I know you’ve wondered what it would sound like if someone took traditional Iberian songs from 19th/20th century and married them with doomy/deathy guitars, don’t say you haven’t. Aegri Somnia are here to scratch that itch that you won’t admit you had.

Because I don’t understand the lingo, I have to take their word for it that the subject matter visits many aspects of the Iberian tradition, both dark and light. But the sounds and the songs, plus the flamenco/death metal minus the blast beats approach, make for a wonderful atmosphere. And every time I hear Molinero-Vengo de Moler, I have it in my head for hours afterwards. It’s a kind of crushingly catchy tune that has to be heard to be understood (actually, that’s the case with all music).

They seem to want to only sell it in CD format. Now, this isn’t a criticism but a question – either a digital download or a CD both present the music in digital format, so why discriminate one over the other?

But that one gripe aside, this is a very good album.

 

 

 

 

Black Bombain and Peter Brötzmann

black-bombaim-and-peter-brotzmannBlack Bombain seem to me to be born collaborators. Their live jam from late last year was a seriously good piece of music, and if you haven’t heard their collaboration with Gnod, then you should know that Black Gnod’s Innerspace recording comes with the highest possible recommendation from Soundbergs Towers.

This time they’ve teamed up with free jazz maestro Peter Brötzmann, himself no stranger to the collaborative arts, resulting in a superlative work of one of my favourite sub-mashup-genres, saxophone psych. There should be more horns and brass atop these swirling guitar maelstroms generally, and I speak as a guitarist who never used to like brass at all. Brass is the one class of instrument I absolutely cannot play at all, which may be related; however, it adds a tonal element to the ‘psych-rock’ mix which complements it superbly. A whole field with relatively few visitors.

It fascinates me how music that quite obviously came together on the spot can nevertheless sound so coherent and, you know, purposive. Having done some improv over the years (all the best Itto tunes came into being that way) I have an idea; it’s like tuning into some music and being the vehicle of its expression rather than ‘separate’ beings somehow all being creative in the same way at the same time. Maybe we receive before we can transmit? On a very basic level, that is exactly true – you have to listen to your collaborators (receive) if you want to complement the overall sound (transmit). However, there were times when all of us suddenly changed direction at the same time without prompt – you can’t put those experiences into words, and neither can you take the idea of a flat universe seriously anymore.

The music comes with the guarantee that it is good, not that it will make you think mystical things, although that may happen if you are so inclined. You can score it from shhpuma or Lovers and Lollipops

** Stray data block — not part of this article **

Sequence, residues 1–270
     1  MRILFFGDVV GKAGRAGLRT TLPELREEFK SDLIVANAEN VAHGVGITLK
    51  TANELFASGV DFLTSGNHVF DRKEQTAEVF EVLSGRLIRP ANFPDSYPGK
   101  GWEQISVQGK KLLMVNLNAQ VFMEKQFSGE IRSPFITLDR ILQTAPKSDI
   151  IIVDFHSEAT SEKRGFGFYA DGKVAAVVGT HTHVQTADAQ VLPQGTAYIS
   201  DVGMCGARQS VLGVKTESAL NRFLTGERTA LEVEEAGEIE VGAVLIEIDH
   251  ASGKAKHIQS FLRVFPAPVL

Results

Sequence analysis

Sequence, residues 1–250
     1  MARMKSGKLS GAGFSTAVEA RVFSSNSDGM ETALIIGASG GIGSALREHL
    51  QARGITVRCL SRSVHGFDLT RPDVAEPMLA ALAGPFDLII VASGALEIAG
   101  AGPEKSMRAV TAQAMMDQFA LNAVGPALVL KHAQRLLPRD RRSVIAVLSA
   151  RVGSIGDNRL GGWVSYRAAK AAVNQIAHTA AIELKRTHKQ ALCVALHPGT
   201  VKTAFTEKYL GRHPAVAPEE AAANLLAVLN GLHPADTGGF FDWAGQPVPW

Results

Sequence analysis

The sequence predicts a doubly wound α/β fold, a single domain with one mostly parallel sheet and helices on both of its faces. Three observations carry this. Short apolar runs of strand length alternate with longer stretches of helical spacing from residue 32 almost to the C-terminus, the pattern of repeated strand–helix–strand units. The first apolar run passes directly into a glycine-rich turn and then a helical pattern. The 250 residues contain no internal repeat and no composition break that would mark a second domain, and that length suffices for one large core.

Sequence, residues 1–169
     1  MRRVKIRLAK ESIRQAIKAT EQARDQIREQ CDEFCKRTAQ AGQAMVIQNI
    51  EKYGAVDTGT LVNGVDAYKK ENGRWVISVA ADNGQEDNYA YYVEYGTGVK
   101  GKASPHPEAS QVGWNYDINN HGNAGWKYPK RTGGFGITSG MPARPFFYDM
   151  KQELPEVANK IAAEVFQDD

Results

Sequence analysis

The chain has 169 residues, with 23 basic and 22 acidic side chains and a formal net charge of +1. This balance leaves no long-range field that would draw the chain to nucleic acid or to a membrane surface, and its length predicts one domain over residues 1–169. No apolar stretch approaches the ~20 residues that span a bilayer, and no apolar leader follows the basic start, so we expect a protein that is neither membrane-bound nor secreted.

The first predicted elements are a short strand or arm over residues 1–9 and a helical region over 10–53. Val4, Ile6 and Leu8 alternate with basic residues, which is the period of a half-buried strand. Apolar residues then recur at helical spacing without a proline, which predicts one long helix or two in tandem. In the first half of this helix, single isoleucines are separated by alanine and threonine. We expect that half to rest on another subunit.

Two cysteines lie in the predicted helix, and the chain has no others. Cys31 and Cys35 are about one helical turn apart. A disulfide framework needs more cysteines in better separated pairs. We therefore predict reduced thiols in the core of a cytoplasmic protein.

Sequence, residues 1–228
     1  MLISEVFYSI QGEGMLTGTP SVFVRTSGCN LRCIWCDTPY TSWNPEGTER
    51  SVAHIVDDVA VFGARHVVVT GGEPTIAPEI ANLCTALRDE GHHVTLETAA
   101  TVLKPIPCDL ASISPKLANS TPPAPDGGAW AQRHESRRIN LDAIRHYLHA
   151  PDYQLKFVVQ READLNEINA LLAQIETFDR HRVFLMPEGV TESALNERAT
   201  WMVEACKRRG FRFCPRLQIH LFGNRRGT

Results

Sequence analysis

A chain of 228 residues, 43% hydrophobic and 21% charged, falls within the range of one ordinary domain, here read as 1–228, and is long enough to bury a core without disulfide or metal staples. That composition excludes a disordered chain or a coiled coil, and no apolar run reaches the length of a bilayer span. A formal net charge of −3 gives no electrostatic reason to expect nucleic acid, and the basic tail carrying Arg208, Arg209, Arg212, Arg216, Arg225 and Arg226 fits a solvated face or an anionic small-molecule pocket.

Fantasy collaboration time: imagine Valerio Cosi collaborating with Oneida? (drools like Homer Simpson…)

Verma – Mul.apin

mulapinI’m really not quite sure of the correct formatting for the word that is this album’s title, although if the the Wikipedia entry telling me what its interesting meaning is is correct, then it should be in all caps, only I don’t like shouting.

Neither do Verma, obviously. This album is instrumental, which I think is quite unusual for them; most of their albums that I play often have quite a good vocals-instrumental ratio (which is now an official measurement thing). Maybe Whitney said most of what she’s got for us at the moment on her latest as Matchess.

Or maybe not. It seems to be the result of a session in 2013, which may or may not have been improvised – I remain cautious about that, because if it was improvised, why is there the sentence ‘written and performed by?’ On the other hand, why is there the tag of ‘improvised’ in the tags?  Not saying it has to be either/or – it can be both/and – but I do like clarity in the use of language.

So, the album came out last year but I could only find it on vinyl, so I forgot about it until I stumbled across it via some commercial digital provider or other. It’s worth the wait, because it’s Verma, and I like Verma. If you don’t yet know Verma, then have these verbal reductionisms, copied form the bandcamp page: experimental atmospheric experimental rock improvisedinstrumental krautrock progressive psychedelic rock soundtrackspace rock Chicago . complete with tag links. damn, I dislike when that happens.

I haven’t embedded because the aforementioned page doesn’t give you the full album, and acts primarily as a pathway to the vinyl. So have a video instead: